Topics: Corporate Governance,Risk Management,Strategy
Topics: Corporate Governance,Risk Management,Strategy
June 18, 2019
June 18, 2019
Can a commitment to innovation survive in a company struggling with corporate culture?
This was the question tackled at Grant Thornton’s recent roundtable discussion, led by its Midwest Region Audit Practice Leader and board member Janet Malzone and BPI Group US’s president and CEO Susan Gallagher, that shed light on the current shifts happening in corporate governance and how to oversee these changes without stifling creativity.
While much of the discussion focused on the risks associated with innovation, the event also drew attention to the idea that directors should expand their focus beyond keeping risk at bay if they wish for their companies to continuously grow. Many directors who attended the event were certainly concerned about what they could do to encourage innovation to bloom from the boardroom—and plenty of insights on how best to foster opportunities for ingenuity were shared.
Christopher Y. Clark, publisher and director of partner relations at NACD, was quick to note that “somehow, [culture] always kind of sneaks back into these major topics.” A few other directors explained this succinctly.
“If you don’t get the culture right,” one director said, “you’re not going to get the talent.”
“And if you don’t get the talent—” another director started. “Then you don’t exist,” the third finished.
While these directors’ sentiment points directly to one of the risks mentioned in the previous roundtable blog—obsolescence—it also unleashes an opposite idea: that a certain corporate culture allows innovation to grow. A workplace culture that fosters and welcomes new ideas from all levels of the organization will, by definition, uncover more possible ways to innovate.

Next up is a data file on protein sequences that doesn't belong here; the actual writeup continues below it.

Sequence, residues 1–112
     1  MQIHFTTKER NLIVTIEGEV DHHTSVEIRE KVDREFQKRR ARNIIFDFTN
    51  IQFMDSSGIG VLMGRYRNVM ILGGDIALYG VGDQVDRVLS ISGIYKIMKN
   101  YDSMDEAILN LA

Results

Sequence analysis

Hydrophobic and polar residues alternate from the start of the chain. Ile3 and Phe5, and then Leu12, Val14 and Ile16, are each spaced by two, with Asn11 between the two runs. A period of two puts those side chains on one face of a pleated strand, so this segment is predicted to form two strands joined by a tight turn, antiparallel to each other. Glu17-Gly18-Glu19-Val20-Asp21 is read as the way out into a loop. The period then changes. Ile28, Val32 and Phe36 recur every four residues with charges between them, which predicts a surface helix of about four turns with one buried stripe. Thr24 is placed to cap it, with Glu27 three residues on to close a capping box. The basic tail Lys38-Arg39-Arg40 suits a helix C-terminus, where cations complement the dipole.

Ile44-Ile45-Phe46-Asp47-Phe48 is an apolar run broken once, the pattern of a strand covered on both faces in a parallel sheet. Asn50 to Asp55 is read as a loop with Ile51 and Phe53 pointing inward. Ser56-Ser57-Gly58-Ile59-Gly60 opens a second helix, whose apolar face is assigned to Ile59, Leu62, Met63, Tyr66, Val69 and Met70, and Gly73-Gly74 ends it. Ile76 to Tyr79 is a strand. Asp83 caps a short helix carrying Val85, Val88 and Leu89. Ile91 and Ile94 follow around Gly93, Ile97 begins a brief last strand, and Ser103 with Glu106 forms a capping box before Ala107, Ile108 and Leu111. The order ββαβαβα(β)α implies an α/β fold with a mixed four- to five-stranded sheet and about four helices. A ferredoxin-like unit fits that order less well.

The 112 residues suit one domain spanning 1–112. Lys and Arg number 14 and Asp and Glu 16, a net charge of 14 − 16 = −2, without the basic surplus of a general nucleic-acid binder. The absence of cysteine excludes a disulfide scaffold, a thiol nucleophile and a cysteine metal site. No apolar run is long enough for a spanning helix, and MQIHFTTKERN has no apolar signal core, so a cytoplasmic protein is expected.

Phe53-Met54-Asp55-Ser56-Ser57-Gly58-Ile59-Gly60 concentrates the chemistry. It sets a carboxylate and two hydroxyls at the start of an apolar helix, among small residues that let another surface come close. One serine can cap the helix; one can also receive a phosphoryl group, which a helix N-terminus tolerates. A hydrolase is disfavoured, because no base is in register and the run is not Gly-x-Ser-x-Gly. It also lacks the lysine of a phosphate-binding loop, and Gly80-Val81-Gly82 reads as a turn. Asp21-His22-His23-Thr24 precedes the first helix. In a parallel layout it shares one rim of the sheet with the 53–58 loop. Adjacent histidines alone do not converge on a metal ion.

Joyce Cacho, president of Adinura Advisory Services, gave insight into how a workplace culture of innovation might be influenced by and be used to attract newer generations of employees—digital natives—and thus encourage the development and scaling of original ideas.
Underpinning the hyper-connectivity of future employee talent is the pipeline’s shift to demanding that their social and environmental priorities be part of their lives wherever they spend their time, whether as an employee, as a volunteer, or socially. This is a notable break from employees of past eras. Today’s low unemployment rate in the US brings a marked increase in younger employees choosing work opportunities in for-profit enterprises, where innovating delivers income rewards and addresses their environmental and social concerns.
Such engaged employees have the ability to spur innovation—surrounding sustainability, diversity, technology, and more—at the highest levels of an organization by wanting to intersect their private and work-related goals. When employees are given the chance to voice their opinions to executives, who then grow and report on the success of those ideas, directors have the opportunity to encourage a thriving culture of innovation. Such employees are also drawn in the first place to businesses that welcome change and want to listen.